|Type:||Trad, 4 pitches, 400', Grade II|
|Original:||YDS: 5.8 French: 5b Ewbanks: 16 UIAA: VI- ZA: 15 British: HVS 4c [details]|
|Submitted By:||mtoensing on Oct 5, 2009|
|Comments on Mountaineer's Route||Add Comment|
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From: Santa Monica, Ca.
Oct 10, 2009
|We did this route in the dead of winter, temps below zero. See description under photo of the tower in the general Spring Creek section. I lead the last 2 pitches after dark, covered with verglass.|
Jul 11, 2011
|New rap cord and rap rings.|
By Greg Sievers
From: Bozeman, MT
Aug 9, 2012
Yeah, exploring is all great, but just to expedite the situation for the next guy:
1p - begin 10' right of the dead tree as described in the Malloy book. Yes, it's 5.8, but the last 25' are run out on slab, and belay at the large Douglas fir.
2p - ramble out to the RIGHT, following a gully toward another tree on the right end of a ledge (the elevation is even to the saddle in the ridge & the multi-geandarmed ridge to the left).
3p - the books says "climb a crack in the middle of the orange face, 7+". I'd say: locate a series of cracks and columns on the orange south face (60' tall). I climbed what I thought was the easiest line = the bulging base means commiting to the overhang. Climb discontinuous cracks while changing columns up and left, 5.9-.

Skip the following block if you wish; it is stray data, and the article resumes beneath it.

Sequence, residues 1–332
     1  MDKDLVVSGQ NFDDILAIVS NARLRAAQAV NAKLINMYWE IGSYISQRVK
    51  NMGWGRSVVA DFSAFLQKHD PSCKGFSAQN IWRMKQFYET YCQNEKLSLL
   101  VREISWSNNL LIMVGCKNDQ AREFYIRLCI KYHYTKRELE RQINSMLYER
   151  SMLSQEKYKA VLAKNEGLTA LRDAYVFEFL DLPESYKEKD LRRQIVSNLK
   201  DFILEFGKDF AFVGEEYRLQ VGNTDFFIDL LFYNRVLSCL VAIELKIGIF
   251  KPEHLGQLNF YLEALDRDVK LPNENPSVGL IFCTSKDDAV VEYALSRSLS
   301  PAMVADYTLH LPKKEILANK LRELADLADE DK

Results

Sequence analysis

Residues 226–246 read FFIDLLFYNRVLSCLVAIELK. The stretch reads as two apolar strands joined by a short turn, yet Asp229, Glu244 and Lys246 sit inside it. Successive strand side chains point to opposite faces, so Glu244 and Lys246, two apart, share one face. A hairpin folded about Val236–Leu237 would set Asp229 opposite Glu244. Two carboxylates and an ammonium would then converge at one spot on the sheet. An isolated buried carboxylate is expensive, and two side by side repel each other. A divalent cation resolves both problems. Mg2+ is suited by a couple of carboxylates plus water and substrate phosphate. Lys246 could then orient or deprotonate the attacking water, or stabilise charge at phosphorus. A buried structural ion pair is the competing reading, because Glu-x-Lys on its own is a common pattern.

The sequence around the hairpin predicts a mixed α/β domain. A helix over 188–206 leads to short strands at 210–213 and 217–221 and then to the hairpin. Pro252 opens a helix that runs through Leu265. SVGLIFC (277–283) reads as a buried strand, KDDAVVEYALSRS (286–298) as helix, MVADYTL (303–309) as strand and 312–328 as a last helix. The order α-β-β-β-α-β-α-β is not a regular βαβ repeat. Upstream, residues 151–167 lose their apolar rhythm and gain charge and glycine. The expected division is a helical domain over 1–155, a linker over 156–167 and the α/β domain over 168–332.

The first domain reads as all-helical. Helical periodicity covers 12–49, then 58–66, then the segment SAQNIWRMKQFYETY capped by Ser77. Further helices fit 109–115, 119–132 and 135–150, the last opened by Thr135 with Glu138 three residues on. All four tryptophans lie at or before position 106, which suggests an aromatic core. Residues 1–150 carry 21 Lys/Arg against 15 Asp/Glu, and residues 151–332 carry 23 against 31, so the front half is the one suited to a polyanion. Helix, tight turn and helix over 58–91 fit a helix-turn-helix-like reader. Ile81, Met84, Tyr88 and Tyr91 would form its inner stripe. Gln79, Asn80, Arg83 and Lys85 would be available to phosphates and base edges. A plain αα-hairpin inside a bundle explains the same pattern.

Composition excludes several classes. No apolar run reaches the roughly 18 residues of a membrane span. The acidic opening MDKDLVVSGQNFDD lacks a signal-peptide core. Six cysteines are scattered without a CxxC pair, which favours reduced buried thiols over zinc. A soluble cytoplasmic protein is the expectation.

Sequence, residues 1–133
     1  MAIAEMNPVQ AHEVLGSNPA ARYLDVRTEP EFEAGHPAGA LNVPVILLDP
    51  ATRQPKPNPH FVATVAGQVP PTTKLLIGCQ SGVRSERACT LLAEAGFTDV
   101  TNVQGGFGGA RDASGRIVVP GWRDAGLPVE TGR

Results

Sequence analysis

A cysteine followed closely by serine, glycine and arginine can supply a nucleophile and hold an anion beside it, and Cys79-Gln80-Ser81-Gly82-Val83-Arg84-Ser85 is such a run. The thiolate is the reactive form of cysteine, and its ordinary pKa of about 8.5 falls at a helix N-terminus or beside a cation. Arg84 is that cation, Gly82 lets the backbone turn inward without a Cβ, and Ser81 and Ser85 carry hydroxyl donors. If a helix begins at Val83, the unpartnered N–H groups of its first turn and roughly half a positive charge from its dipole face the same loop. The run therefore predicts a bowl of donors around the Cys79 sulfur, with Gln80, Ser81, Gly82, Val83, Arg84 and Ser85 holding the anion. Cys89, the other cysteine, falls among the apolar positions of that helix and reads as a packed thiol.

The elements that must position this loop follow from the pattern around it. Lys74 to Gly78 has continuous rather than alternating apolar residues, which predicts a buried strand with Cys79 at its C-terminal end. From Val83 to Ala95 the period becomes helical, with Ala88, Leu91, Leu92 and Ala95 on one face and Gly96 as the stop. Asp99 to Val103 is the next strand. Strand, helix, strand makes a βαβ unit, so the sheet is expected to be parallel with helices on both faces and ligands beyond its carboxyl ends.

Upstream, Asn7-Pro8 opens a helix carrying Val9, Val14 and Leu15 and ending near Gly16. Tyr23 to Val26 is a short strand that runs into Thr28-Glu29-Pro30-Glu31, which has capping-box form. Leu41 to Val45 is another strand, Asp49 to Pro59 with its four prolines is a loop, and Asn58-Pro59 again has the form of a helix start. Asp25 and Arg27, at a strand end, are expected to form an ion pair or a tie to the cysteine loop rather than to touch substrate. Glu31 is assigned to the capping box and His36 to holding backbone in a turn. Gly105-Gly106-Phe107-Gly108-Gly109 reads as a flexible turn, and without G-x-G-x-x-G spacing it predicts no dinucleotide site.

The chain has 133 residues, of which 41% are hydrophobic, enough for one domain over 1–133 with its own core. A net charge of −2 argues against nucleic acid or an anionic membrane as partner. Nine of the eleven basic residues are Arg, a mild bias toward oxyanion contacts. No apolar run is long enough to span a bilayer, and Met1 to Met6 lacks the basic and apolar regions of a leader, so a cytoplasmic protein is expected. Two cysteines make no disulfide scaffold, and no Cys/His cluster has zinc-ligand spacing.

4p - ramble along the ridge between broken, loose choss for 50'. Drop down 10', cross a notch, arriving at the obvious, 5.6 hand crack. You'll run out of rope about 15' below the actual summit. Belay on a platform.
From that platform:
scramble to the main summit on your left (the gray rock on the right is 5-10' lower).
From the platform: down scramble 20' behind a large chockstone to the rap anchor.
The rap anchor is 11mm rope w/ 2 steel rings.
The rope is now showing some surface wear.
Rap 80' to a ledge that you can walk off to rapper's right to gain the loose, dirty, dead-tree choked gully.
We found it extremely valuable to bring our trail shoes.
By Paul Davidson
Jun 28, 2013
Ignore that bit about the Malloy book above and wandering out right.
Just follow the original posted instructions and the route finding on this thing is trivial. You cannot miss the knife edge arete. If in doubt, climb just left of the arete where it's obviously easy.
Quite fun, quite easy. I'm sure you could wander all over this rock and add harder things if you wanted to.
Damn there's a lot of rock in Spring Creek. Interesting there's only this one longer route. There must be more similar things.
BTW - we did a different first pitch. Due to a late start, we went further up gully to the next obvious ledge (with the big dead downed logs).
Start by a small pine, up and left (from that spot you could third class over to the big doug fir at the top of the normal first pitch.) 5.6-5.8 depending on where you step. Head for the big ledge below the arete up left. You might want to head up the arete a bit to set a belay then stretch a long pitch to the base of the 5.6 hand crack. Or belay on the big ledge below the arete.
I found the descent gully to be easy and open. Just a quick jaunt back to the packs.
Jun 28, 2013
|Paul, your first pitch is the way I usually take when soloing. I have soloed first pitch before, and it gets your blood going pulling on dirty loose flakes! Definitely one of the better solos in the area for a moderate outing (probably soloed it a dozen times in college and 5-10 times since then). Many opportunities for adventure on this piece of rock.|